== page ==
Who doesn’t like Jennifer Aniston? Well there maybe a few. I’m not one of them. I honestly liked her more before she went to work for Aveeno. She claims to be a huge animal lover. In fact her white Apollo White German Shepherd dog appears in the ads with her.
Advertisers love this. They think when they include an animal in the ad that we believe they’re not hurting animals. Nothing could be farther from the truth. They hope for subliminal brainwashing with is technique.
They’re also hoping we are fooled about harm by the natural ingredients claims.
From the Aveeno web site: AVEENO®doesn’t conduct animal testing of our cosmetic products anywhere in the world except in the rare situation where governments or laws require it. And there it is. More doublespeak. This means that this brand tests on animals or finances animal testing because it sells in foreign markets that demand it. No one is demanding they sell in foreign markets that test on animals- it’s nothing more than old fashioned greed.
In the US & Canada, animal testing is not required by law to prove cosmetic products or ingredients are safe for consumer use.
It should also be noted that Aveeno is owned by Johnson & Johnson, a corporation that horrifically continues to test on animals & lies to its customers about asbestos in their talc powder. They also own Revlon’s Clean and Clear line, aimed at teen-agers; Roc S.A., Neutrogena , Purpose and Lubriderm.
2005 Resolution: Give the Animals 5
With the help of PETA supporters who held stock in J&J, a resolution was filed in the fall of 2004 calling on the company to “Give the Animals 5“—replace five crude and cruel tests on animals with state-of-the-art and scientifically valid non-animal methods that were already in use in other countries.
Johnson & Johnson opposed PETA’s resolution and sought permission from the Securities and Exchange Commission (SEC) to exclude our resolution from its proxy statement. Fortunately, the SEC staff ruled in PETA’s favor and did not concur with the company’s position.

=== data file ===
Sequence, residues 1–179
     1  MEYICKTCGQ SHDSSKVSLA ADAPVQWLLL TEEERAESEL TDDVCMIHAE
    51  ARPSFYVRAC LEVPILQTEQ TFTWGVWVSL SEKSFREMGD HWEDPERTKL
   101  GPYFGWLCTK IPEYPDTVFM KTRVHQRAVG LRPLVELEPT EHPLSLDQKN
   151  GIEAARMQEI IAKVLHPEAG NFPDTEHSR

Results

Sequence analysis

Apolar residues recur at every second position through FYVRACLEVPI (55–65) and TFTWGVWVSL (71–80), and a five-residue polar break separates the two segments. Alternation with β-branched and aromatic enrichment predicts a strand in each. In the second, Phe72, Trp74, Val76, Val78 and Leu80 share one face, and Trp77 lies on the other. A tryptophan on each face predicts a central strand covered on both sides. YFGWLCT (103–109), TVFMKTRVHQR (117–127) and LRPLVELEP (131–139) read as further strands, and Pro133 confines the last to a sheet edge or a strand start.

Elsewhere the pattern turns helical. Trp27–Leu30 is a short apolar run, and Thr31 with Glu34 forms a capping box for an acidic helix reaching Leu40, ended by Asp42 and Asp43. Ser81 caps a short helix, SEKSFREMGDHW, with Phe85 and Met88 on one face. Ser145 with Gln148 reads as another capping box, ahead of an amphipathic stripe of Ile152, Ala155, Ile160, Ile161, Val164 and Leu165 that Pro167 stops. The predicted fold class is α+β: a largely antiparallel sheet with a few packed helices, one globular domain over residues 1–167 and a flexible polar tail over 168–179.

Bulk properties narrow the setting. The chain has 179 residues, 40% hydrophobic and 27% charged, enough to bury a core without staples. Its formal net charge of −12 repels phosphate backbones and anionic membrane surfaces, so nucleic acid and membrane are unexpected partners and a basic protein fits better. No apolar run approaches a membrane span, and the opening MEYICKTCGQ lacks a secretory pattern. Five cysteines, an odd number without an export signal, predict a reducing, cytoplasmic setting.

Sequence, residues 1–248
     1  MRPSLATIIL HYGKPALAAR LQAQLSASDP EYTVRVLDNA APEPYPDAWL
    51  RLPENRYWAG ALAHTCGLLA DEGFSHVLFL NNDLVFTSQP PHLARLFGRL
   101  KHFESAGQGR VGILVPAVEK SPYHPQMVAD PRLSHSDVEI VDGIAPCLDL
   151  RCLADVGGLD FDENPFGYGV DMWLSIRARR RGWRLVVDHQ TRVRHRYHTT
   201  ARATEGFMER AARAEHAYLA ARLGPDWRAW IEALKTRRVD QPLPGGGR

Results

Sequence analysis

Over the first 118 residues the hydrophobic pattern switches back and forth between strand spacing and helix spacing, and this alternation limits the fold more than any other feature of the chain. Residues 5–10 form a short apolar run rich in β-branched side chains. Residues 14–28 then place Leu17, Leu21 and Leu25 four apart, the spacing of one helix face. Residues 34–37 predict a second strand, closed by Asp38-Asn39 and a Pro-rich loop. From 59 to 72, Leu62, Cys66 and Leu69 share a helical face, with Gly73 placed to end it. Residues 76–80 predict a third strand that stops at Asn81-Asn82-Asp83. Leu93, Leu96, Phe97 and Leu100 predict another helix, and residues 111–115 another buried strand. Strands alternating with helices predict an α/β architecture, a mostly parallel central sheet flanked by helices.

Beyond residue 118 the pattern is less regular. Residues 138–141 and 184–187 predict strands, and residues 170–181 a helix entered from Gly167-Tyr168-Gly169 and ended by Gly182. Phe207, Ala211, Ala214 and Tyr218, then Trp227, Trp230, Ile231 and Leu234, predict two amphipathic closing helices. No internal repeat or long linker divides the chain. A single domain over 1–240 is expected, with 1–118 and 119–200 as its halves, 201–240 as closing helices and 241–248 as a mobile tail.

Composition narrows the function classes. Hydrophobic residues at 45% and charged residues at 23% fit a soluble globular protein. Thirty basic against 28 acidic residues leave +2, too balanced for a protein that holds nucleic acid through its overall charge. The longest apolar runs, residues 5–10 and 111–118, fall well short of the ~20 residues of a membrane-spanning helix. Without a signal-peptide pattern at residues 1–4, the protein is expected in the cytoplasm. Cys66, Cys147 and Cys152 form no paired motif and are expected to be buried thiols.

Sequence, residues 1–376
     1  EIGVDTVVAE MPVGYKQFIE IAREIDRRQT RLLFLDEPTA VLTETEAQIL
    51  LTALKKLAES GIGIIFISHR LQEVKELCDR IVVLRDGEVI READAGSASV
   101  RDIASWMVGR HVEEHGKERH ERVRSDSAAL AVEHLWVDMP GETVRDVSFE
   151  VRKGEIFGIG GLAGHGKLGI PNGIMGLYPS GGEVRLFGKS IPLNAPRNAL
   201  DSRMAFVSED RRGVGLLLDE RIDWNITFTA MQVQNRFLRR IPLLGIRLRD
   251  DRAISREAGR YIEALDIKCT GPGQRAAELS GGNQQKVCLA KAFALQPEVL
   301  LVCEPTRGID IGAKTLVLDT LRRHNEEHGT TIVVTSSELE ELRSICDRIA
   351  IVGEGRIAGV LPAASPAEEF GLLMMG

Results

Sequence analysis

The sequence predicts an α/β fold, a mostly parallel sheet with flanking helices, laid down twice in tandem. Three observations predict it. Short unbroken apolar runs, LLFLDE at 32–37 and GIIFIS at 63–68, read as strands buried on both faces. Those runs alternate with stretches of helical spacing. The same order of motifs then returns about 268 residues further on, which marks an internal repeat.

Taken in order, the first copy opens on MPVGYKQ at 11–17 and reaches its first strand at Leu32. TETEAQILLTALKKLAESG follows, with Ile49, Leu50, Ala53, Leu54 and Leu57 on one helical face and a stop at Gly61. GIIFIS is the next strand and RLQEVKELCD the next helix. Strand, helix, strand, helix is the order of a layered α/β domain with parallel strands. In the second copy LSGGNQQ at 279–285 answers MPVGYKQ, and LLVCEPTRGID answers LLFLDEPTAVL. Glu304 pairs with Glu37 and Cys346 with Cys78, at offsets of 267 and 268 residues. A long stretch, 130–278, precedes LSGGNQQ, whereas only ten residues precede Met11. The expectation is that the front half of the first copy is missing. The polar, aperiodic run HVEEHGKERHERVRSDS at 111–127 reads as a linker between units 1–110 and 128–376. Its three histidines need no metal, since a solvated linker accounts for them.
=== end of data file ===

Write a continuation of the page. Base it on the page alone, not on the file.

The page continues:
Supporting animal testing in India
The ‘Action centre’ section of the Peta website http://www.peta.org.uk/action/ listed the organisation’s current campaigns. One post viewed on the 22nd of September 2014 reported that although India had made great progress in ending cruel experiments on animals after its ban on testing cosmetics on animals, the ban on imported animal-tested cosmetics into the country and the removal of animal tests for cosmetics and household products (such as cleaners and detergents) from the relevant standards by the Bureau of Indian Standards. But the Indian Beauty & Hygiene Association (IBHA) and its small group of members – which included largely foreign brands such as Johnson & Johnson – had actively opposed this life-saving progress. PETA stated that “If the IBHA succeeds in weakening or reversing India’s existing ban on animal testing for cosmetics or in impeding its progress on ending the import of cosmetics that have been tested on animals, products could continue to be sold in India which have been tested by dripping harsh chemicals into rabbits’ eyes, smearing them onto animals’ abraded skin or forcing them down animals’ throats. Or worse, animal testing could be permitted in India again.”
PETA communication:Urge These International Companies to Stop Supporting Animal Tests in India (September 2014)
So no, Aveeno is not cruelty-free.
Sources: The New York Times Machine archive, Ethical Consumer & PETA